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Macmillan Childrens Publishing Group


Natural and Man-Made Catastrophes Through the Centuries

Brenda Z. Guiberson; illustrations by Brenda Z. Guiberson

Square Fish


Natural and man-made disasters have the power to destroy thousands of lives very quickly. Both as they unfold and in the aftermath, these forces of nature astonish the rest of the world with their incredible devastation and magnitude. In this collection of ten well-known catastrophes such as the great Chicago fire, the sinking of the Titanic, and Hurricane Katrina, Brenda Guiberson explores the causes and effects, as well as the local and global reverberations of these calamitous events. Highlighted with photographs and drawings, each compelling account tells the story of destruction and devastation, and most especially, the power of mankind to persevere in the face of adversity.

NYPL Book for Reading and Sharing, NYPL Best Books of the Year

DISASTERS (Chapter 1)

The Parasitic Horror

A Tricky Virus

Starting in the early 1600s, a great disaster struck Native Americans living across the land that would become the United States and Canada. Their population...

Praise for Disasters

“The short text features enough variety and drama to keep readers engaged. This is a worthy introduction to a topic with perennial interest, especially since the species has become vulnerable.” —Booklist on Ice Bears

“Guiberson uses precise verbs and onomatopoeia to paint a picture of the daily activities of the bears while gracefully weaving in facts about their weight, diet, and climate.” —School Library Journal on Ice Bears

“Guiberson [is] one of the best science writers around for young readers.” —Kirkus Reviews on Rain, Rain, Rainforest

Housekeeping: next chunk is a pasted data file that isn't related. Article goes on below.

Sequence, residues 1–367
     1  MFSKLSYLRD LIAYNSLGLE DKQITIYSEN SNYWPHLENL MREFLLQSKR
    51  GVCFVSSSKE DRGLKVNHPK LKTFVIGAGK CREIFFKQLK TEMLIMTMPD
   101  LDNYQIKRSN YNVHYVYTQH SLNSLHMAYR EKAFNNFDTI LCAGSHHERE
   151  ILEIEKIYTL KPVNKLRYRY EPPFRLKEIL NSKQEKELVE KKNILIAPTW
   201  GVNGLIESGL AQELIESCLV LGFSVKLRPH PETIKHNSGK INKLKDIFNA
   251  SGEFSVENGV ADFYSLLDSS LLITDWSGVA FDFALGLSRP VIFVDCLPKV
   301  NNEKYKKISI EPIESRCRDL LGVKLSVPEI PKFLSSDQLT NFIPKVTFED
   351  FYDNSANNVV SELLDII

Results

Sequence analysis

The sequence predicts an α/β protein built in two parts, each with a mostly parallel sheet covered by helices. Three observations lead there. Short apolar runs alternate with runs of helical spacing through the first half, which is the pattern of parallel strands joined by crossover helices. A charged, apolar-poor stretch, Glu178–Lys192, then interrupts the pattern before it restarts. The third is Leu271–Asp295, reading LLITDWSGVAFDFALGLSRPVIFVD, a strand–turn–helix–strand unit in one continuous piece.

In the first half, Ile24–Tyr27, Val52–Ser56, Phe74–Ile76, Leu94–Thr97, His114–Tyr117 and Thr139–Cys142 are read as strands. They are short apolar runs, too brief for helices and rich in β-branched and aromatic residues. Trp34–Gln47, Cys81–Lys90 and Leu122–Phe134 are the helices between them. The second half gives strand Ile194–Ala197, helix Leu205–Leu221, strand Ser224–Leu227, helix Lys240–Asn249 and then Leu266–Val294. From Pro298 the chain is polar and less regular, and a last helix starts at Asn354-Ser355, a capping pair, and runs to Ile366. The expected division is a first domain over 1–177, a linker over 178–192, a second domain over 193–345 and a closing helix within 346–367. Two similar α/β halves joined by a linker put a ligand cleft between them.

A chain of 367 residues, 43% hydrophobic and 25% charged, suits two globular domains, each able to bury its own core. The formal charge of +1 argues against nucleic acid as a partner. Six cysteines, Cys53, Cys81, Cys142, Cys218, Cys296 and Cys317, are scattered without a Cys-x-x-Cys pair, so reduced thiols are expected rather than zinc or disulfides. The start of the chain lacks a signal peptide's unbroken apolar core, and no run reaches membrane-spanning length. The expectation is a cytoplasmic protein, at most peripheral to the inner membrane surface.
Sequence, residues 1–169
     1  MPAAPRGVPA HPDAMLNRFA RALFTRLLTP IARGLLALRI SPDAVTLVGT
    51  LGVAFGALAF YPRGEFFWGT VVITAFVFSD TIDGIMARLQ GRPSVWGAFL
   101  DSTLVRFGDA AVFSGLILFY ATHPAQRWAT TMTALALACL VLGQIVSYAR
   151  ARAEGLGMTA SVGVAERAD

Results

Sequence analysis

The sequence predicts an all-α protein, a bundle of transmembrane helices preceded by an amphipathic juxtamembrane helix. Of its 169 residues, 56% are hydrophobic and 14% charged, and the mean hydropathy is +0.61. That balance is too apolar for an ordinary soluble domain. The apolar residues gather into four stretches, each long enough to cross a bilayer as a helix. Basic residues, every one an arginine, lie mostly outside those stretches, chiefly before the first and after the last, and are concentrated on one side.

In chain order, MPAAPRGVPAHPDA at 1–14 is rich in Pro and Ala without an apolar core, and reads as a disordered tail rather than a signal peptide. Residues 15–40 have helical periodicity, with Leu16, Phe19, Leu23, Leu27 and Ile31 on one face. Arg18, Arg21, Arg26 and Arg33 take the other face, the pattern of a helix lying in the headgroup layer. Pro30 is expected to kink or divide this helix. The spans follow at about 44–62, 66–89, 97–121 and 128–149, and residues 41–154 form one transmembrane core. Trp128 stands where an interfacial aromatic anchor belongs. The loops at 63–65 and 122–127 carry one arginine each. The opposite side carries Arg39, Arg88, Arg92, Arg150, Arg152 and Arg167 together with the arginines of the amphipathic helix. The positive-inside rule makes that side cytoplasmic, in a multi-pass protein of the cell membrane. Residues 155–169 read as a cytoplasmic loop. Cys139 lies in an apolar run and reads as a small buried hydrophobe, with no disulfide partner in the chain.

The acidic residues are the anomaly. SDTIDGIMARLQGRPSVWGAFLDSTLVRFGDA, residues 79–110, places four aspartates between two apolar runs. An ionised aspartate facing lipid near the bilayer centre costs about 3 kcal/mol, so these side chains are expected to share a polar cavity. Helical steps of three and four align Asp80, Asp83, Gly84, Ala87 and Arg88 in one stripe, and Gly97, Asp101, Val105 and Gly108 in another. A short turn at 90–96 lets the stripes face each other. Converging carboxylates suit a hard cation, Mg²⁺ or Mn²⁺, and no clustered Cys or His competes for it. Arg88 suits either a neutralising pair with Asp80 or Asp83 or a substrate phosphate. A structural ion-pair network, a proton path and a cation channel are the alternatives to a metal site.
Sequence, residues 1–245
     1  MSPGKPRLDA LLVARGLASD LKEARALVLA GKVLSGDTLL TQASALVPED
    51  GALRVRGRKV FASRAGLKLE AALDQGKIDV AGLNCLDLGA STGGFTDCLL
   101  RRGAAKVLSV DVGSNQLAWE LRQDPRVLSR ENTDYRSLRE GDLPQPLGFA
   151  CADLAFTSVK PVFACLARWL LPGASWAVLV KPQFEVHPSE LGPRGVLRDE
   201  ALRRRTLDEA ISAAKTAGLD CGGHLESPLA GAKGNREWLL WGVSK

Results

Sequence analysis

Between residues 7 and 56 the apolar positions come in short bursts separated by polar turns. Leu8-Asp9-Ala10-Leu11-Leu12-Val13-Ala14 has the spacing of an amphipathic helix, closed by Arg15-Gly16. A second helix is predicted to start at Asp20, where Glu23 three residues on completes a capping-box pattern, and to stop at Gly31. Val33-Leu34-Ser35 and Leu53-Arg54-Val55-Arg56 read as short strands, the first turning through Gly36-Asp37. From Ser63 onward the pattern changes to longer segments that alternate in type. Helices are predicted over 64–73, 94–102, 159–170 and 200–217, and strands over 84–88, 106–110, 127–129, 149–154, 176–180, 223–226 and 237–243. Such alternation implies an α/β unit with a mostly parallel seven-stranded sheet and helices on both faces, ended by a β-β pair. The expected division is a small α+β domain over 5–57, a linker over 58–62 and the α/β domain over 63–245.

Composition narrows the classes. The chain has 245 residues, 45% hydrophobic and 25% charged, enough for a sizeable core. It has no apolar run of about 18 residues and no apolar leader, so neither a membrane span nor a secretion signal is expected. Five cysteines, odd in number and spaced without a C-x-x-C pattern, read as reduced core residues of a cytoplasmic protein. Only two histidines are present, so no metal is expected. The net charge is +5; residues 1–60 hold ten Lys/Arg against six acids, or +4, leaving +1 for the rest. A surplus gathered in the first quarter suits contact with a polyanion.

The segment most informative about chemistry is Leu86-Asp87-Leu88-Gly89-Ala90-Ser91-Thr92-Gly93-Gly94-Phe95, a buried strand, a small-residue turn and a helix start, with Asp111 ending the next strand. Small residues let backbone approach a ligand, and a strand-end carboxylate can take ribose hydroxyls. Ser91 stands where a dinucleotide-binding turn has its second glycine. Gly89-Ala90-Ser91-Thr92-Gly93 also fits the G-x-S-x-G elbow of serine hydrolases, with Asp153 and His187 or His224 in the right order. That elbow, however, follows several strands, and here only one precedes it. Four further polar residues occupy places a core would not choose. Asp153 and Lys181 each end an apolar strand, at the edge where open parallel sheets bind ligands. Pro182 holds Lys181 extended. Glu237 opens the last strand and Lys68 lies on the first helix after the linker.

Reviews from Goodreads

Brenda Z. Guiberson; illustrations by Brenda Z. Guiberson

Brenda Z. Guiberson has written many books for children, including Cactus Hotel, Spoonbill Swamp, and Moon Bear. As a child, Brenda never thought she wanted to be a writer—her dreams tended more toward jungle explorer. She graduated from the University of Washington with degrees in English and Fine Art. She started thinking about writing for children when her son went to elementary school, and she volunteered in his class and in the school library. After taking exciting trips that involved a fifty-foot cactus, hungry alligators and sunset-colored spoonbills, she wanted to create books for children that would be like a field trip. Her books are full of well-researched detail, and Brenda sees this research as an adventure—one that allows her to be a jungle explorer at last. She lives in Seattle, Washington.

image of Brenda Z. Guibersono
Mary M. Gallagher

Square Fish

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